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Editorial: As language issues heat up, a new year’s wish

Let’s hope our government leaders take a balanced approach, one that respects the rights and legitimate concerns of all.

It is said that a new year brings new hope. And certainly, as 2021 dawns, there is much to be hopeful about, starting with the arrival of COVID-19 vaccines that promise an end to this horrible pandemic.

But for English-speaking Quebecers, this is also a time of apprehension. New provincial and federal measures to protect French are imminent. The nationalist ideologues who seem to have a particular influence on the Coalition Avenir Québec government continue to clamour for action.

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Commentary: Spelling out a true threat to the French language in Quebec

The Quebec government wants to ring in 2021 by tightening language laws to shore up the perceived erosion of French usage. Instead of auld lang syne it will be, with apologies for flippancy, an old language whine, so to speak.

While precise details are lacking on what aspects of Bill 101 and its offspring the Coalition Avenir Québec (CAQ) government plans to toughen, we know one of the traditional gripes of language hard-liners – such as language minister Simon Jolin-Barrette – is not a target. Premier François Legault has made it clear he will not seek to apply Bill 101 restrictions to English CEGEPs.

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À langue égale

La situation précaire du français à Montréal et dans la région métropolitaine n’est plus contestée, même à Ottawa. Au point où le gouvernement fédéral se préparerait à adopter des mesures pour étendre la Loi sur les langues officielles aux entreprises de compétence fédérale présentes au Québec, a appris Radio-Canada.

La pression exercée au Québec pour assujettir ces secteurs économiques à la loi 101 fait son effet. Il y a eu la motion unanime de l’Assemblée nationale, appuyée par six grandes villes, dont Montréal et Laval, les grandes centrales syndicales et, ce qui a semblé attirer l’attention du premier ministre Justin Trudeau, six anciens premiers ministres québécois, qui l’ont directement interpellé. Ce mouvement n’est pas près de cesser puisque le gouvernement Legault prévoit de présenter d’ici l’été sa réforme de la loi 101.

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Quebec announces plans to strengthen French language laws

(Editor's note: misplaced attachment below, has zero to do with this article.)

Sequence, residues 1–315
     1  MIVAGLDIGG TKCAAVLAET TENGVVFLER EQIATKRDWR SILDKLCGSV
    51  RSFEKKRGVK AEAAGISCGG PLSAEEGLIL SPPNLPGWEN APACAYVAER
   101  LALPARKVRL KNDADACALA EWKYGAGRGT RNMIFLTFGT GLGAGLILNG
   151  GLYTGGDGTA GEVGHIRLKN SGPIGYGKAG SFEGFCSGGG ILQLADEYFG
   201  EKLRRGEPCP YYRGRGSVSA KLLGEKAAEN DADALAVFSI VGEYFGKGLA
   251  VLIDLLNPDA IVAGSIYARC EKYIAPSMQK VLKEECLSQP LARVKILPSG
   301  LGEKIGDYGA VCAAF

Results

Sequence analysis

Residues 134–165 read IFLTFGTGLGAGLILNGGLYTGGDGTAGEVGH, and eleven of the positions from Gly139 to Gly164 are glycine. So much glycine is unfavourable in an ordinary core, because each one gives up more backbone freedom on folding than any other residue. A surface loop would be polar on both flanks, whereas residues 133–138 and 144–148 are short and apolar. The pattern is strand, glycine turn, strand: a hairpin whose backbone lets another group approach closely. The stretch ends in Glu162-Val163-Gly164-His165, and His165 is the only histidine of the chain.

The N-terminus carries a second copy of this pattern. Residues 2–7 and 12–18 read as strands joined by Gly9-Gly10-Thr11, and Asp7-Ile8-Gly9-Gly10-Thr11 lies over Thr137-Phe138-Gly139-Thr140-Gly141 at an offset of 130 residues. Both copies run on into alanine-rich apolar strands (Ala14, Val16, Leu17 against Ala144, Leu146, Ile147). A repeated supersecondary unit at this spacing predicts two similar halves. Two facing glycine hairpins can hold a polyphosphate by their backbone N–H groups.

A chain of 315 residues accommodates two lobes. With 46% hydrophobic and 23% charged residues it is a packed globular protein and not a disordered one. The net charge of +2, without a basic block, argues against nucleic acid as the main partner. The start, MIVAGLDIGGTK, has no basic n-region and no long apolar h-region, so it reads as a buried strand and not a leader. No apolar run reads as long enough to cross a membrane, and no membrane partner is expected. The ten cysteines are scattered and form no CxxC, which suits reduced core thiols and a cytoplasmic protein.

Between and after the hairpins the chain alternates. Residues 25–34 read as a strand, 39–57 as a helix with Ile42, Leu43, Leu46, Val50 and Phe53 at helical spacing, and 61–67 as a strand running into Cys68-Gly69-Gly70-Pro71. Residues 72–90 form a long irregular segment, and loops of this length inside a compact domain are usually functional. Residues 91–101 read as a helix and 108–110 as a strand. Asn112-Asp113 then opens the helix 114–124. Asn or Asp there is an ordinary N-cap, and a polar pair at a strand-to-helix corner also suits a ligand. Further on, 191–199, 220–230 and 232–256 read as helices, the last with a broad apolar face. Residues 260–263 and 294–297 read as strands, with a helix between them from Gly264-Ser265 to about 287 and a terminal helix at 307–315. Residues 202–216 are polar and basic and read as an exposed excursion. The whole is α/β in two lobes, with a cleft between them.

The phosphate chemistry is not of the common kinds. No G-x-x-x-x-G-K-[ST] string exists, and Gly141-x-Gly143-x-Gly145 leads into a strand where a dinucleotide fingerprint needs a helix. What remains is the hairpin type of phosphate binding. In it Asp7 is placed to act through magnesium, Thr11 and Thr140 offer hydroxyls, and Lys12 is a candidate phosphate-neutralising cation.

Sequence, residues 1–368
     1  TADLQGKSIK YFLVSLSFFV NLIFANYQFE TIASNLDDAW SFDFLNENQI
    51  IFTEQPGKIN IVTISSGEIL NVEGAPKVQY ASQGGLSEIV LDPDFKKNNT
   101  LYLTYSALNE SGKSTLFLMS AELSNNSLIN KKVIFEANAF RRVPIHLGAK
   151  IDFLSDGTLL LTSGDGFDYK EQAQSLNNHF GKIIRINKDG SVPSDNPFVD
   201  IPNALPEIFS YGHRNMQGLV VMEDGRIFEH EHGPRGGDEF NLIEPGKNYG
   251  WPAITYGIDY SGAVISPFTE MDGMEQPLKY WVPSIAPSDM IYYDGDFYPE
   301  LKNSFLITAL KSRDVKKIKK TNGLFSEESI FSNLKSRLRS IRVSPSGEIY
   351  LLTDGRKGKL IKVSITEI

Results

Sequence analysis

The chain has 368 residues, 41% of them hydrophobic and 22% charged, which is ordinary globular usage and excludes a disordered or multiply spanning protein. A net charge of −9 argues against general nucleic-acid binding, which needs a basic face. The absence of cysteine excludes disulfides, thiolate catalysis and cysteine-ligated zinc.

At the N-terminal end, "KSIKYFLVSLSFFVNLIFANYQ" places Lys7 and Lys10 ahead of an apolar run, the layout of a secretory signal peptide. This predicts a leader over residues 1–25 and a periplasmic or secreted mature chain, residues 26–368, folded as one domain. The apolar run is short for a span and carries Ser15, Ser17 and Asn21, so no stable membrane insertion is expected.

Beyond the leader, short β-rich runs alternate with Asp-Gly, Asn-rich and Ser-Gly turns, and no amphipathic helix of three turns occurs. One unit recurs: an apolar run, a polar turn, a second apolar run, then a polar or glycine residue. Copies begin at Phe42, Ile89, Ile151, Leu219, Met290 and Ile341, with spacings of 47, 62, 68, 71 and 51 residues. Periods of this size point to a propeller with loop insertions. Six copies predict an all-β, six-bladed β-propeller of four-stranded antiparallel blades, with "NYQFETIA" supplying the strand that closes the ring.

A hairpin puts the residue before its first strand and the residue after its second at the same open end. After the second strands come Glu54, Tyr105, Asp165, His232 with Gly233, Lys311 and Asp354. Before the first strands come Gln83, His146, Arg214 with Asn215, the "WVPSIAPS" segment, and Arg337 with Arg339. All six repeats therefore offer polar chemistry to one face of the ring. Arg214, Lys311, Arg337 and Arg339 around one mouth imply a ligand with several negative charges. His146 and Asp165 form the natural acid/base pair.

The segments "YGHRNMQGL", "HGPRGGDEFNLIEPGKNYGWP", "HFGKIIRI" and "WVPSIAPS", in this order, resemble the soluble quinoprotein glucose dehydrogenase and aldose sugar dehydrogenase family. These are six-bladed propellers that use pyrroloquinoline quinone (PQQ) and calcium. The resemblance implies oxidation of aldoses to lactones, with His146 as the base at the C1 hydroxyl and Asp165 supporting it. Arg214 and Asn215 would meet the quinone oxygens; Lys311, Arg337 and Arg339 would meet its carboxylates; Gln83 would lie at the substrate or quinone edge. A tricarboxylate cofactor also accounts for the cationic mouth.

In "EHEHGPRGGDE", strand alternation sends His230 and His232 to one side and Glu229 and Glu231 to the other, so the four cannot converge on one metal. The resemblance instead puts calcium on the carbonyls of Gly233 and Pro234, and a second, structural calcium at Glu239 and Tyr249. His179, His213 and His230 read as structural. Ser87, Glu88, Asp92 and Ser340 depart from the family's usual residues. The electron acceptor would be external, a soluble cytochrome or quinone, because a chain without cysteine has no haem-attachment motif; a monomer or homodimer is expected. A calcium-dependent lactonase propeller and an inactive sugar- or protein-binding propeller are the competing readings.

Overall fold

November 24, 2020 – Quebec’s Minister Responsible for the French Language, Simon Jolin-Barrette, announced on Tuesday a plan to table a bill aimed at strengthening French in the province.

“Quebec was born in French, and it will stay French,” Jolin-Barrette said at a news conference on Tuesday. Read more

Quebec language minister says changes to Bill 101 are not an attack on English

November 24, 2020 – The Coalition Avenir Québec government will soon make changes to Quebec’s French language charter. Simon Jolin-Barrette announced that he will table legislation to modify Bill 101 early in the new year. But as Gobal’s Raquel Fletcher reports, he has revealed few details of what that plan will actually look like, which is causing some anxiety in the English community. Read more

Analysis: Legault gets top marks from all sides amid COVID-19 crisis

QUEBEC — It is one of those ironies of politics that a leader can look at his or her best when things are at their worst. As the COVID-19 crisis rocks the planet, Premier François Legault finds himself in just that position. Suddenly even anglophones who did not vote for the Coalition Avenir Québec in the 2018 election — and disapprove of many of the government’s policies — think Legault is doing a good job leading the province through this sombre time.

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To Anglos, CAQ Government’s Deeds Speak Louder than its Words

By Geoffrey Chambers and Gerald Cutting, QCGN

Last fall, the government of Premier François Legault conducted a round of consultations with English-speaking Quebecers. A range of voices from across the English-speaking community laid out specific and very reasonable actions we need from his government. The process proved positive to the extent that it opened a dialogue. However, it was rushed and failed to build on, or to consider, previous strategic priority-setting work done by the community. Furthermore, the government is sending mixed messages when hosting a consultation while ignoring our fundamental disagreements with them on key policy initiatives that affect our vitality and our constitutional rights.

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Anglo lobby president accuses CAQ of ‘engineering’ defections

The Coalition Avenir Québec and the Secretariat for Relations with English-speaking Quebecers are contributing to internal strife with member organizations, said QCGN President Geoffrey Chambers.

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Legault denies wanting to destabilize anglo group

In the mist of an important internal crisis, the Quebec Community Groups Network (QCGN) accused the CAQ government Monday of leading a “clandestine” campaign in an attempt to “destabilize” it.

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Anglo group accuses Quebec of working to “destabilize” it

Already troubled relations between the Legault government and Quebec’s English-speaking community turn much rockier, reports Martin Croteau of La Presse, as the Quebec Community Groups Network accuses the province of a clandestine destabilization campaign.

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